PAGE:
Back in January, I attempted to answer the question “Is Dollar's Dominance Over?”, as the dollar index (DX) had experienced significant losses.
However, we received two conflicting signals from the technical chart, which provided a bearish alert, and the interest rate differentials chart, which indicated support for the dollar.
In both polls, the majority of readers voted that the dollar's dominance was over and that it had already peaked for the dollar index.
Since then, the DX has made a bounce close to $106 with the support of a hawkish Fed, however these gains proved to be unsustainable, and the price dropped back down to hit the valley established in January, reaching a new low of $100.
Is the dollar headed right into the abyss?
Let's take a look at some updated charts, starting with the interest rate differentials.
This time, I will be using a monthly time frame to provide a closer look at what could potentially cause the dollar to decline.
The majority of real interest rate differentials remain bullish for the dollar, with the orange line representing the gap between the US and UK establishing a new top of 6.15%, and the red line representing the US-Japan gap breaking into positive territory at 3.4% and catching up with the US-EU differential.
However, the US-EU differential represented by the blue line is spoiling the positive outlook for the dollar as it has been falling since its peak of 5% in September 2022. It's important to note that the euro is the largest component of the dollar index, and this downtrend in the interest rate differential is putting downward pressure on the DX.
The pace of the dollar's descent may be somewhat exaggerated, as it appears to be based more on an emotional outlook than on current fundamentals as the curve of the blue line is not that steep and the Fed is not yet running out of ammo.
The next chart follows to show the technical outlook.
The dollar index futures have now hit a crucial support level, with the orange dashed line on the chart indicating the 2015 high of $101 positioned just above the psychologically significant level of $100.
Additionally, the RSI indicator has reached the critical support level of 50. Indeed, the dollar is on the edge now.
At this crossroads, the dollar faces three potential paths.
The first path, illustrated by the blue arrow, represents a non-stop rise of the dollar towards the upside of the black uptrend line at around $117. This path could be supported by a more aggressive tightening from the Fed, a "flight to safety" scenario similar to the Great Recession of 2008, or a major geopolitical event.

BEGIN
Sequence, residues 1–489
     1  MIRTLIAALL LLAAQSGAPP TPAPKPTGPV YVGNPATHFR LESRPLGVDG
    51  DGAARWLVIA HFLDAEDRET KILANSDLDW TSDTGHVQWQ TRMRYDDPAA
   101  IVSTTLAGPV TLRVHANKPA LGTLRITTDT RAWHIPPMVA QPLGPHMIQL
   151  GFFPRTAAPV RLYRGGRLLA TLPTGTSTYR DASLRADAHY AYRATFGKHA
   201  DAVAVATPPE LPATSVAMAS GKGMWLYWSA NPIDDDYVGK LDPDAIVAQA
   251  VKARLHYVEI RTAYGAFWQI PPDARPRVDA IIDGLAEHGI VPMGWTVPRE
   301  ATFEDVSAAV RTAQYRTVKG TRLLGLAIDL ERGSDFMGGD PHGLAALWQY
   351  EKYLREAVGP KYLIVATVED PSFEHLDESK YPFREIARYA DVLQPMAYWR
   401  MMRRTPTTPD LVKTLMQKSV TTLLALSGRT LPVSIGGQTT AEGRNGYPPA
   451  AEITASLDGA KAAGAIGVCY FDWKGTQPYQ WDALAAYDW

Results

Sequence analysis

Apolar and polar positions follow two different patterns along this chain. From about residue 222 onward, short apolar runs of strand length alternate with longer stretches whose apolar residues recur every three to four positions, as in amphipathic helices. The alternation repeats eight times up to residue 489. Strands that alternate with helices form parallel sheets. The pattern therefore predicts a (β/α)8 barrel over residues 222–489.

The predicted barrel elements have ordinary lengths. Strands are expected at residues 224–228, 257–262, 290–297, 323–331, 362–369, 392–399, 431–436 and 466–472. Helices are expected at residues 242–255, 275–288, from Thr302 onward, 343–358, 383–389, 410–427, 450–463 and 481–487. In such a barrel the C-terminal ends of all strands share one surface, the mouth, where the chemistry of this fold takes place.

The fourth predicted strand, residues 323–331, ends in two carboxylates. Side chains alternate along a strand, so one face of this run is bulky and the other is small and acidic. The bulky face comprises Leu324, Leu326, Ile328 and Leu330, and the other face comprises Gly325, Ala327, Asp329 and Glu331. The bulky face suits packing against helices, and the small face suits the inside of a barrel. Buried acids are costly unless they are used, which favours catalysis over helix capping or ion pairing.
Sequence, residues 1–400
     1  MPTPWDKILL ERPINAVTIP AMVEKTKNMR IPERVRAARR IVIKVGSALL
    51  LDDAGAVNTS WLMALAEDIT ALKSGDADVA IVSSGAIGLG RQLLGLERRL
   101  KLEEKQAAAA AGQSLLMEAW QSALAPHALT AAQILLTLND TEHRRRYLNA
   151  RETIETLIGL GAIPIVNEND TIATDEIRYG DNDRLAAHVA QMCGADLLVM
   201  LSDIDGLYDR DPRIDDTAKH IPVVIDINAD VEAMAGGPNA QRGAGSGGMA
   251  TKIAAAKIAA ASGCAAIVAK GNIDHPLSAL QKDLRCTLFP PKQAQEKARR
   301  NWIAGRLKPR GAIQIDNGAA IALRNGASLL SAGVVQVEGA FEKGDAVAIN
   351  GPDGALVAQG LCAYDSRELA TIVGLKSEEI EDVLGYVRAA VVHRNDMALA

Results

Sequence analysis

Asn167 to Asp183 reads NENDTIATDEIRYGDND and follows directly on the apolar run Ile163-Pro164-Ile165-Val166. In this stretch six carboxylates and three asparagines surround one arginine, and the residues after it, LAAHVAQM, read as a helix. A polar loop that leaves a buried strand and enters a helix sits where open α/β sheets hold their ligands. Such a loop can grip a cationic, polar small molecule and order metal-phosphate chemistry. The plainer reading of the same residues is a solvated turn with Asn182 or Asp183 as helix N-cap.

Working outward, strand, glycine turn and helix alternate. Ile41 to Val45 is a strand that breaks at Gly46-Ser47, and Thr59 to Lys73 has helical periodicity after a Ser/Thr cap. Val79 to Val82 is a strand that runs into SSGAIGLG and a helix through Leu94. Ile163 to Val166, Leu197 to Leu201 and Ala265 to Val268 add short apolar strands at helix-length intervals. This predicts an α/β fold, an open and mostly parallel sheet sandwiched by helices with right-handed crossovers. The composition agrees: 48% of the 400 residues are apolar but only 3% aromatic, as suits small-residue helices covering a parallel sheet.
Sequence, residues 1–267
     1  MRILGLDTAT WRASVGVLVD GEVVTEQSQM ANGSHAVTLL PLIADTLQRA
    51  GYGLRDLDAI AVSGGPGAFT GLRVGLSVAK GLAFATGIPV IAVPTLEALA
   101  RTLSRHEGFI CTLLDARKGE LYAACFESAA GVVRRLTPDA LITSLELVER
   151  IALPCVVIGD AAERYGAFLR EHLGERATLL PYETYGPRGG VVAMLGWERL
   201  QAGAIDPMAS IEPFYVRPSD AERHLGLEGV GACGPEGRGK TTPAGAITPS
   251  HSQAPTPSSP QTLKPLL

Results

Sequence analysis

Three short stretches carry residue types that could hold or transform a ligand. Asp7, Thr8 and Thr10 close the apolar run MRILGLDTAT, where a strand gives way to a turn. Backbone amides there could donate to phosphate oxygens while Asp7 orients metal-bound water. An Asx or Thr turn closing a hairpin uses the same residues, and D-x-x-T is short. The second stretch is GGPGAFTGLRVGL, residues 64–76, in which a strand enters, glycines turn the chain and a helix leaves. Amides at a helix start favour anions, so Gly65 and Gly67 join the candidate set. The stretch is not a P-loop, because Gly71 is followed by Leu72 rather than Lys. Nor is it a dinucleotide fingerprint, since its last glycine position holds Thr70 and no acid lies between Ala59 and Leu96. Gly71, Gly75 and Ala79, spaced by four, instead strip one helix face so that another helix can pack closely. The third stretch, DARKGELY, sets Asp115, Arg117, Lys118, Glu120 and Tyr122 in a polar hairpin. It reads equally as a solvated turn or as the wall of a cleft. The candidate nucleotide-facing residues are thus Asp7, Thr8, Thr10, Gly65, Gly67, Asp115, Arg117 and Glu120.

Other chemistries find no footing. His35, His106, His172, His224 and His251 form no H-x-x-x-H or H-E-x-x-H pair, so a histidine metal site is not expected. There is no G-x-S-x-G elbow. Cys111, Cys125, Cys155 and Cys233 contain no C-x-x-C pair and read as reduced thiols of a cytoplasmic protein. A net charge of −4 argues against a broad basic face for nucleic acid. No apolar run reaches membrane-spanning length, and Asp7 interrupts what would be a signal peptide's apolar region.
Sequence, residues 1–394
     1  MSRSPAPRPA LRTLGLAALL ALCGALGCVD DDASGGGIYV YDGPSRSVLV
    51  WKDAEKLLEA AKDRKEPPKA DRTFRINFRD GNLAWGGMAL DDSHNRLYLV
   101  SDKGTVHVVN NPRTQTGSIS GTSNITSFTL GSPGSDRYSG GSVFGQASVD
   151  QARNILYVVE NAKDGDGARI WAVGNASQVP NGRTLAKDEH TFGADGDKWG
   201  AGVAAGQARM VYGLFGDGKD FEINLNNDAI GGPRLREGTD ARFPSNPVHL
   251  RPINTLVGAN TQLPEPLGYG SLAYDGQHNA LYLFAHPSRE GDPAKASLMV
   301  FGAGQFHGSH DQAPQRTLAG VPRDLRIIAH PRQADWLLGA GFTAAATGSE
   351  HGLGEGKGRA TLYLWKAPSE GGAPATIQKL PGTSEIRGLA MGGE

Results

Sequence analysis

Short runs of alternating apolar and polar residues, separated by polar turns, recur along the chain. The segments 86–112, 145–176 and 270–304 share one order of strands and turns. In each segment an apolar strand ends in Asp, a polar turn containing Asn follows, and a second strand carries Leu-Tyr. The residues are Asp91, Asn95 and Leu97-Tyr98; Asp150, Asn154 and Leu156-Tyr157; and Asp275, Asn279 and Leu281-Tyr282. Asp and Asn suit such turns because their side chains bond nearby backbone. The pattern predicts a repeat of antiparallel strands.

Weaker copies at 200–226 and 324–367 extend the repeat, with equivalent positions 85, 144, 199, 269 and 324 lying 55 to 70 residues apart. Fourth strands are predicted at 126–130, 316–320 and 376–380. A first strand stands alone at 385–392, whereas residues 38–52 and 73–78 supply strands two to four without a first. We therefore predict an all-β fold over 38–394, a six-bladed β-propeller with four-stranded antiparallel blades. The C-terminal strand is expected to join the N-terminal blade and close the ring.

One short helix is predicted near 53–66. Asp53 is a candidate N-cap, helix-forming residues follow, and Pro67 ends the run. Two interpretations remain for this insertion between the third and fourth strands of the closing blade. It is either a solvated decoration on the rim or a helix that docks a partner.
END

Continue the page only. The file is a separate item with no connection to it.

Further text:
The green path suggests that the upward movement seen in 2021-2022 was only the initial part, and we may witness a second upward movement after a period of consolidation around the current equilibrium. This view is more technical in nature, as it follows the concept that the 2001 peak at $121 should be retested before any major reversal occurs for the DX on a global scale.
The red path indicates that the dollar index futures may continue to weaken due to the growing trend of countries looking to trade without the use of the US dollar. This is reflected in the increasing number of countries expressing their desire to move away from the dollar as the world's reserve currency.
The initial support level would be at the downside of the uptrend around $94, while the growth point of $89 in the valley of 2021 would be the subsequent crucial support.
Disclosure: This contributor has no positions in any stocks mentioned in this article. This article is the opinion of the contributor themselves. The above is a matter of opinion provided for general information purposes only and is not intended as investment advice. This contributor is not receiving compensation (other than from INO.com) for their opinion.
2 thoughts on “Is The Dollar Headed Into The Abyss?”
Thank you for sharing your thoughts. You make a valid point. This is a double edged sword as it is shown in the bullets below.
-Makes imports cheaper for US consumers and businesses
-Attracts foreign investment
-Helps keep inflation low
-Can make travel abroad more affordable
-Makes exports more competitive and potentially boosts US manufacturing
-Can lead to higher inflation
-Reduces purchasing power for US consumers traveling abroad
-Can increase the cost of foreign debt for US borrowers.
Best regards, Aibek
However, a decline in the dollar index could be a good thing for the US investor, as it makes the dollar cheaper and increases US competitiveness in international markets at a time when the country is rebuilding its industrial base.
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